How to Create Better Conversion Goals for Marketing Automation - dummies

How to Create Better Conversion Goals for Marketing Automation

By Mathew Sweezey

Many companies still base their marketing automation goals on the number of people who fill out a form. This is a good way to gauge whether your changes made it easier for a person to engage, but it is not the best way to see whether you are converting the correct prospects.

Quality vs. quantity

Creating more quality rather than quantity is the basis of why you got marketing automation in the first place. You want better leads, not just more of them. This idea goes hand in hand with forms and landing pages. If you judge yourself on the number of conversions you have, you’re seeing only half the picture.

Your conversion rate is a leading indicator of possible future outcomes. It shows you what is possible in the future. If 100 people convert on your form, this indicates that you may have more quality leads in the future; however, it does not measure the quality of those leads — just the possibility of them.

You should also measure the number of those 100 who closed as opportunities. This is a lagging indicator, which means that you can see it only after the fact. Consider looking at your form in two ways: initial conversions and percentage of total opportunities created. For each form, go back and evaluate your form based on how many of those leads were converted to sales.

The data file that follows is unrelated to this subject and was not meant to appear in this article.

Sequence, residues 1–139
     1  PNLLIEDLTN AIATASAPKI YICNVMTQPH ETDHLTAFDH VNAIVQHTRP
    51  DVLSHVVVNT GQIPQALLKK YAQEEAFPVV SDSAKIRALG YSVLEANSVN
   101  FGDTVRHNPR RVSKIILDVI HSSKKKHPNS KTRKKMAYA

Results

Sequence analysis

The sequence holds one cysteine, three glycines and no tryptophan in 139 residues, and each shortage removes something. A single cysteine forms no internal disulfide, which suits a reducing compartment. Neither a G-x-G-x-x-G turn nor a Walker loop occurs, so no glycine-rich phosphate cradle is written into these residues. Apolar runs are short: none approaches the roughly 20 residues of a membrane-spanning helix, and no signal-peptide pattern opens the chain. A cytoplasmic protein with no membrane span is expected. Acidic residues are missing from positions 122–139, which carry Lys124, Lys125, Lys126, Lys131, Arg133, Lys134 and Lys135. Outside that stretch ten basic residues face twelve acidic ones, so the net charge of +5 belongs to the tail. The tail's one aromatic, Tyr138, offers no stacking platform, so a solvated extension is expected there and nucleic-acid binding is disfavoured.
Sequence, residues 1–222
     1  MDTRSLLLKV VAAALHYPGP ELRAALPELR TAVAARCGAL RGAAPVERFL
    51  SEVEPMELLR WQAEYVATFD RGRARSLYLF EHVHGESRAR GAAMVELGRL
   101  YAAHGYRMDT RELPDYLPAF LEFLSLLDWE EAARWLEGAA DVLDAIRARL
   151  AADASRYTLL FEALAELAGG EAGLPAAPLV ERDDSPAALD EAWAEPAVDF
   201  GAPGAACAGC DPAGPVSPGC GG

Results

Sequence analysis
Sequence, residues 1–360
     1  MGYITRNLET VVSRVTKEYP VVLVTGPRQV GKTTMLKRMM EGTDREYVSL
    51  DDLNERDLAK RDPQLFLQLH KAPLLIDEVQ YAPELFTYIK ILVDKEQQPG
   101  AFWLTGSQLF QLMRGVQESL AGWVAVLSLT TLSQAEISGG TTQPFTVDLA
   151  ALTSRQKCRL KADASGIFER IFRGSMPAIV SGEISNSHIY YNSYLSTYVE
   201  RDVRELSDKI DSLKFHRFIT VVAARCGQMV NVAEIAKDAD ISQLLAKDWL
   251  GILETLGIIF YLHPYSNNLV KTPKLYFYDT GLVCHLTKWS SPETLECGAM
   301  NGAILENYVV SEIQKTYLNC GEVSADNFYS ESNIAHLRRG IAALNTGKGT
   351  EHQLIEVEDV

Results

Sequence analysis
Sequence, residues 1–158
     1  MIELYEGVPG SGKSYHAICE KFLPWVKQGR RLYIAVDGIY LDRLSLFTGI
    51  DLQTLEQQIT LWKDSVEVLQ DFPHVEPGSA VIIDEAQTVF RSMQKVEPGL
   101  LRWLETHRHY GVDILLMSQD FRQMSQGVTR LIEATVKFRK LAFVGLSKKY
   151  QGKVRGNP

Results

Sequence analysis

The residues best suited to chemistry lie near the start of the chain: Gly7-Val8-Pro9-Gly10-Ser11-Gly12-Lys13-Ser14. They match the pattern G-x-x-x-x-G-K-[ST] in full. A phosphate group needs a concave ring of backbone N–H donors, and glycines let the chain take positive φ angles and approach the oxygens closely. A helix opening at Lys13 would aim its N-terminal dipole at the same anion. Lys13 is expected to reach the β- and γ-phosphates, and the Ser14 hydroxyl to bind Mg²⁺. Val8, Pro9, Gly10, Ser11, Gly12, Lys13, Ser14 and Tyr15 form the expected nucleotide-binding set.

Some marketing automation tools contain this information as a built-in report.

Be prepared for the big dip

If you are refining your forms for better quality and less quantity, you’ll see a dip in the number of leads that come in. This is a standard effect that almost all companies implementing marketing automation will see.

Following are some tips to help you prepare for the inevitable dip:

  • Prep stakeholders: You should set expectations about the big dip with sales and upper management before you implement marketing automation. If you are being measured only on the quantity of leads, your numbers will go down for a period of time. Make sure to let stakeholders know why so that they don’t think you are doing a bad job.

  • Don’t panic: If you panic during these improvements, you’ll likely not do a lot of them, which can mean staying in the back of the pack.

    The biggest piece of advice is to remember that the elements you change can all be changed back to where they were. If you find out that your idea wasn’t that great, just revert back to your old form. All marketing automation tools save your old forms, so you can easily just swap them in and out.

  • Prove your value: To prove that the dip in the quantity of leads was worthwhile, make sure that you can look at the number of sales generated by the fewer leads. The number of sales is the only way you can demonstrate that your tactic was worthwhile, so make sure that you have set up reports to track your sales from it.

    This capability is standard with some tools; others require you to set it up. Make sure that you know which kind of tool you have.